'Except in cases of impeachment'

Posted Friday, January 15, 2021 in Opinion

'Except in cases of impeachment'

by the New Maine Times Editorial Board

President Donald J. Trump will be gone in five days, before he faces his impeachment trial. However, he will face an impeachment trial a few days later, because he was impeached before he left office. There are several cases of impeachment of judges in U.S. history that occurred after the judge left office, for precisely the same reason  that Trump will go through a trial: Convicting him will allow for a separate vote to disqualify him from future high office.

However, Trump's second impeachment itself provides a single, important benefit, now, while Trump is still in office. It prohibits Trump from attempting to pardon himself or the people who are currently being arrested because they acted at his behest to storm the Capitol.

In Article II, Section 2, among other things, the Constitution explains some of the President's powers:  

"The President shall be Commander in Chief of the Army and Navy of the United States, and of the Militia of the several States, when called into the actual Service of the United States; he may require the Opinion, in writing, of the principal Officer in each of the executive Departments, upon any subject relating to the Duties of their respective Offices, and he shall have Power to Grant Reprieves and Pardons for Offenses against the United States, except in Cases of Impeachment."

It is unclear, because there is no precedent, whether a president can pardon himself in any situation anyway, and Trump is probably right that he wouldn't be able to rely on Vice President Michael Pence to pardon him, especially now. However, the Constitution is clear that Trump, even if he had personal pardon power generally, can't use it for events related to his impeachment. In the four-page impeachment document, which includes only one article, "Incitement to Insurrection", the House included more than just the events of Jan. 6 at the Capitol; they also included Trump's ham-handed attempts to subvert the election, especially in Georgia.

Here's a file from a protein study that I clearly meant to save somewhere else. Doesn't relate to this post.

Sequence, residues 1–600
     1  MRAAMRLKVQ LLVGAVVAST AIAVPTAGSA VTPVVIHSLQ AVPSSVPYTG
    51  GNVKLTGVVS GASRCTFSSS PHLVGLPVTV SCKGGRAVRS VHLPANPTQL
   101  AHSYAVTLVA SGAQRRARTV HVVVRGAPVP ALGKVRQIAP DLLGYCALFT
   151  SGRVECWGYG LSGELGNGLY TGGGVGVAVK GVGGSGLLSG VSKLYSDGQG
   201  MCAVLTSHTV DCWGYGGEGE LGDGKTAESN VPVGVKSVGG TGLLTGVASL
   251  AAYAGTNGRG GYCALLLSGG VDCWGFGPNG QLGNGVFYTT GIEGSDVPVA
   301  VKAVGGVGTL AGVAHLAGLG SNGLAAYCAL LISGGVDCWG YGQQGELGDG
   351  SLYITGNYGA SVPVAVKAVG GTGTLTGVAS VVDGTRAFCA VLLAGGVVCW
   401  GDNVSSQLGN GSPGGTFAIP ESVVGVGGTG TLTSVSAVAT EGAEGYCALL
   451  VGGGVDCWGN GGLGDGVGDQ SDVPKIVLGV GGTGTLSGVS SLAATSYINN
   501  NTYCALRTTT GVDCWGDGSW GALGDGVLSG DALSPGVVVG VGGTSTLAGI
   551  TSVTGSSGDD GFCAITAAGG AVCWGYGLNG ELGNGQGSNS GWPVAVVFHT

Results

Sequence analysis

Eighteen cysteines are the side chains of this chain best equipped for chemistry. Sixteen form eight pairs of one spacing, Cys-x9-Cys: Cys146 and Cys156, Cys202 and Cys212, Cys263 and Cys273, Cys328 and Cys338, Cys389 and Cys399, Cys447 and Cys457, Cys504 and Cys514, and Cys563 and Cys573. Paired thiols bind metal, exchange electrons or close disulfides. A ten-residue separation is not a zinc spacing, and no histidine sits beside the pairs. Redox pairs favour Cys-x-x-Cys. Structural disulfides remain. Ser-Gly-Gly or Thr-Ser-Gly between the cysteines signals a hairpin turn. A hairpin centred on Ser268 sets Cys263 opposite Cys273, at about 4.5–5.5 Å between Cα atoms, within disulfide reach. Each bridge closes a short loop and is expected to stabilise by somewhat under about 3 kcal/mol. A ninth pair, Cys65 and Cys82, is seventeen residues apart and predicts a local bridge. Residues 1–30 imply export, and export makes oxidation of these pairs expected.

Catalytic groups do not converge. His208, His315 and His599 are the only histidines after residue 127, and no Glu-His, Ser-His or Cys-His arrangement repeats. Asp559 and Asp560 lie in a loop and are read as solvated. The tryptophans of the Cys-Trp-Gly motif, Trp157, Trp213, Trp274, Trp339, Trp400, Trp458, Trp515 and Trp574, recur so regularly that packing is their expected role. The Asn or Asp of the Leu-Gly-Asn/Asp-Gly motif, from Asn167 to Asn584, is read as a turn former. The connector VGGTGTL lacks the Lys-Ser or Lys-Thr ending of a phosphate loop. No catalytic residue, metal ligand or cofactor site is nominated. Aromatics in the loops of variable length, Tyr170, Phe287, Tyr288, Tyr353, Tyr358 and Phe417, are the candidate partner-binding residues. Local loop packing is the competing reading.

In the meantime, some four score insurrectionists have now been arrested. The mood in the District is tense, and in state capitals, including in Maine, the National Guard has been called out to protect the statehouses. Since the insurrectionists are instrumental to Trump's impeachment article, he can't pardon them either.

There may also be members of Congress who aided and abetted the rioters; if this is proved, they, too, cannot be pardoned. Members of Trump's own inner circle, including his son, Donald Junior, Chief of Staff Mark Meadows, and his lawyer, Rudy Giuliani, and others who participated in the incitement rally or worked to arrange it, will be unable to be pardoned either.

What Trump is thinking is curiously unknown, since his Twitter feed and Facebook pages have been shut down. All we know is what certain aides are willing to say, anonymously. They describe a defiant president without his megaphone of choice, without many allies in positions of power, and without any real defense to the impeachment charge. Trump himself has claimed that there was nothing wrong with what he said on the sixth; there is no one else who is willing to publicly say so.

Trump hopes to leave office with a military band playing as he leaves on Jan. 20 before the Joseph Biden Inauguration, marking another unfortunate flouting of presidential decorum.  It was always going to be a low-keyed affair, because of the pandemic, but now it will be nearly deserted as Biden and Vice President Harris take their oaths of office and the District shuts down most of its locations to view the Inaugural and many of its Metro stations. The FBI is following up on chatter that there is likely to be violence; 2,000 National Guardsmen are currently bunking in the Capitol.

However it goes down, Jan. 21 will be a new day. A new president and vice president will be in place; Trump will be an increasingly distant bad dream. And with luck, it is a nightmare that will never be repeated.

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